This chapter discusses all UIView subclasses provided by UIKit that haven’t been discussed already. It’s remarkable how few of them there are; UIKit exhibits a notable economy of means in this regard.
Additional UIView subclasses, as well as UIViewController subclasses that create interface, are provided by other frameworks. There will be lots of examples in Part III. For example, the Map Kit framework provides the MKMapView (Chapter 21); and the MessageUI framework provides MFMailComposeViewController, which supplies a user interface for composing and sending a mail message (Chapter 20).
An activity indicator (UIActivityIndicatorView) appears as the spokes of a small wheel. You set the spokes spinning with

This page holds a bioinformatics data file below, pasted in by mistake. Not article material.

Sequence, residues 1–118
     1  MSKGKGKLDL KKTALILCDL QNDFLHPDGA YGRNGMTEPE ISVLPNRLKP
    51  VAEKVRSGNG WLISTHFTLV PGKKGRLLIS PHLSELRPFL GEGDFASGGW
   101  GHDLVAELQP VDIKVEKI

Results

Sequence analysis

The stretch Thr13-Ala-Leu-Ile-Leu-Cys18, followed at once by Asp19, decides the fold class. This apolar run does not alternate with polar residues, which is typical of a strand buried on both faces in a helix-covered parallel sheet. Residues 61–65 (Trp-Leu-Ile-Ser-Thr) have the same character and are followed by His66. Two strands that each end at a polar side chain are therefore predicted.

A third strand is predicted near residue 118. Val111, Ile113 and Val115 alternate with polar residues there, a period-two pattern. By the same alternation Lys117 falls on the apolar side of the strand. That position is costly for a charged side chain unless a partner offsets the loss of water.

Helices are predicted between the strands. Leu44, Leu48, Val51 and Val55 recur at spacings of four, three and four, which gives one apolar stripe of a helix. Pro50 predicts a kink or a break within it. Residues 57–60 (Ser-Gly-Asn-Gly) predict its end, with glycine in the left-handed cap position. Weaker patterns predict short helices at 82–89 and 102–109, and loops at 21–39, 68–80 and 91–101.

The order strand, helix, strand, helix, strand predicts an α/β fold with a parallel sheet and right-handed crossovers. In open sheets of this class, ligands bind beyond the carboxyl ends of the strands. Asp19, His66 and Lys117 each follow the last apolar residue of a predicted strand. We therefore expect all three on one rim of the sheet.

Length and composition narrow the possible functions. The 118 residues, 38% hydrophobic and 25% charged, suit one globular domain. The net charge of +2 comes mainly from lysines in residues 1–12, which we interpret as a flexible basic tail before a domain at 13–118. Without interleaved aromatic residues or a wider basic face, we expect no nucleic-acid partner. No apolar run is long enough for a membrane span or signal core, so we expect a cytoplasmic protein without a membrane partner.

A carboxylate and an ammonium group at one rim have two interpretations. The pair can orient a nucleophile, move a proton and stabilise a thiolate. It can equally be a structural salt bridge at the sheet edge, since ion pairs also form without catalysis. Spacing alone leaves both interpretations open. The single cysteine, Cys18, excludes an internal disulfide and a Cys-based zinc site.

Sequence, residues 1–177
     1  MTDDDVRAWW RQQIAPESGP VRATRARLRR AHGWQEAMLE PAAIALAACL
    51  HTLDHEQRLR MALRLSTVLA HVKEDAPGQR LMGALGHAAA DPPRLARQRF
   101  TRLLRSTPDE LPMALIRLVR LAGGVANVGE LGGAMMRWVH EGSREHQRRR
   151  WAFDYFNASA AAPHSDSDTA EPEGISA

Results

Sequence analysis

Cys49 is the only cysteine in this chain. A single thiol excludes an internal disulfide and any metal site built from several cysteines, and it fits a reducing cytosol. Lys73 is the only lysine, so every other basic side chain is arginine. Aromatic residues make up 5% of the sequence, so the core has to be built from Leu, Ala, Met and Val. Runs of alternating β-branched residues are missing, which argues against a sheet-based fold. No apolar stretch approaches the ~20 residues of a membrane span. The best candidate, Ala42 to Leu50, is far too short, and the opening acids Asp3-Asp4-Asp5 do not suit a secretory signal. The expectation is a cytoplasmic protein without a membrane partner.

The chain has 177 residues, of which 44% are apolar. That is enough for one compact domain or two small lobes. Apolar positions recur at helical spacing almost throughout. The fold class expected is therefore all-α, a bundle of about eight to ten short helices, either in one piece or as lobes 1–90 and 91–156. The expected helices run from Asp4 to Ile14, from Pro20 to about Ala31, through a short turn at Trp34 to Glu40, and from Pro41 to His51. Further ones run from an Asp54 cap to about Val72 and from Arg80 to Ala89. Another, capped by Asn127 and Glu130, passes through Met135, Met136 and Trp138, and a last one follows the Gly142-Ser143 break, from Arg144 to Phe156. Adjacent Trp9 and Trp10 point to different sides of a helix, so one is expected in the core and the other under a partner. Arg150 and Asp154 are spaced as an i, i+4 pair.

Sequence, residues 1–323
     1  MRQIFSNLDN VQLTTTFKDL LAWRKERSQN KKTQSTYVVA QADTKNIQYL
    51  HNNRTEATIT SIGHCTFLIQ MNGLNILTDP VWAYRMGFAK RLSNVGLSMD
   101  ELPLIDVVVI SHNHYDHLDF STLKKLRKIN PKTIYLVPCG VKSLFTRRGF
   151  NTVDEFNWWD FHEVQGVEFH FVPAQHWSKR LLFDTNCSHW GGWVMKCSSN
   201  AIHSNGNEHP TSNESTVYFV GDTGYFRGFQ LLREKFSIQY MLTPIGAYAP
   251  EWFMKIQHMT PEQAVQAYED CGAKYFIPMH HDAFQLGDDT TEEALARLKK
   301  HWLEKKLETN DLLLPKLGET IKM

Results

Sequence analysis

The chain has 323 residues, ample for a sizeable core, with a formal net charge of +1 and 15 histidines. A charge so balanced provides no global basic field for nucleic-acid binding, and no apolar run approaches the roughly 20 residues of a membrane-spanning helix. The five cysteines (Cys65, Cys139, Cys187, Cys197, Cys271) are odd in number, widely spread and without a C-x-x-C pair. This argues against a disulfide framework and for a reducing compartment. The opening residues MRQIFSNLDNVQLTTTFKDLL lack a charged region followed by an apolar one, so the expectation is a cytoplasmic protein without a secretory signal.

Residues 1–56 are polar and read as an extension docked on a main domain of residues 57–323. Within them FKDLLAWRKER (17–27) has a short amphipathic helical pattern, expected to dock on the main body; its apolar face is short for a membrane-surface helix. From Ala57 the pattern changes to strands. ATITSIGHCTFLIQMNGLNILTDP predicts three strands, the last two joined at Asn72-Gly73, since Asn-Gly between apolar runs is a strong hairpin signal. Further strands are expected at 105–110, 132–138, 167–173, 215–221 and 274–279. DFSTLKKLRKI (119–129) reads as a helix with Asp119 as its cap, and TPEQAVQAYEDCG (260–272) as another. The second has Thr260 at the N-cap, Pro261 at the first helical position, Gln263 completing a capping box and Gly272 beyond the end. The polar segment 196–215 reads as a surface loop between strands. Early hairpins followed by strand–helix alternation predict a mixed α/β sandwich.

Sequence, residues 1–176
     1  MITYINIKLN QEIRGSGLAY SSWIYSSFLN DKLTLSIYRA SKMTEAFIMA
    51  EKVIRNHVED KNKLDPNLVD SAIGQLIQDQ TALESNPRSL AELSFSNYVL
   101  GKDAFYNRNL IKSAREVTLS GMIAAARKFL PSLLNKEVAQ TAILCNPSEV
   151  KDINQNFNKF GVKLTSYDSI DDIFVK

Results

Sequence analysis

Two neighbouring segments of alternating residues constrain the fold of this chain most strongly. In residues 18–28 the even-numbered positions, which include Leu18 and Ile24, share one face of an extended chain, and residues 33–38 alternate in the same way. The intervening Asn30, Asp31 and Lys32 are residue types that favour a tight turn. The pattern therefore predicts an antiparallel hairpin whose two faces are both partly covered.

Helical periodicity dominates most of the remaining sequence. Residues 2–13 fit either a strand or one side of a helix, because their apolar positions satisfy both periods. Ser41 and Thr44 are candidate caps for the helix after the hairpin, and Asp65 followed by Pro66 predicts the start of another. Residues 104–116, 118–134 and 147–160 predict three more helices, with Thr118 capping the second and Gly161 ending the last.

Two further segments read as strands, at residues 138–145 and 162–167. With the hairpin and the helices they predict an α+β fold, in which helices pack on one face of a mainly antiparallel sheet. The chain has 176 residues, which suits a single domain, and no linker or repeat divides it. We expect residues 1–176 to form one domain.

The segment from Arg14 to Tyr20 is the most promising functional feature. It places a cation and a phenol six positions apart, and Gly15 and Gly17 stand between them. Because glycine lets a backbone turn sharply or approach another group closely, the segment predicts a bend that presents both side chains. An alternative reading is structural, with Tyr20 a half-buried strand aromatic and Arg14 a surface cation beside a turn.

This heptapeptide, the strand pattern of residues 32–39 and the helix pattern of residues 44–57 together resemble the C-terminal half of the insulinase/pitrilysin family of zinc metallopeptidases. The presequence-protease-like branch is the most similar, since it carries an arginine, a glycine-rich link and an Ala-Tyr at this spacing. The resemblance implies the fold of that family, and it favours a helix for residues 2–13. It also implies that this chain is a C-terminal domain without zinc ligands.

startAnimating, giving the user a sense that some time-consuming process is taking place. You stop the spinning with
stopAnimating. If the activity indicator’s
true (the default), it is visible only while spinning.
An activity indicator comes in a style, its
activityIndicatorViewStyle; if it is created in code, you’ll set its style with
init(activityIndicatorStyle:). Your choices (UIActivityIndicatorViewStyle) are:
An activity indicator has a standard size, which depends on its style. Changing its size in code changes the size of the view, but not the size of the spokes. For bigger spokes, you can resort to a scale transform.
You can assign an activity indicator a
color; this ...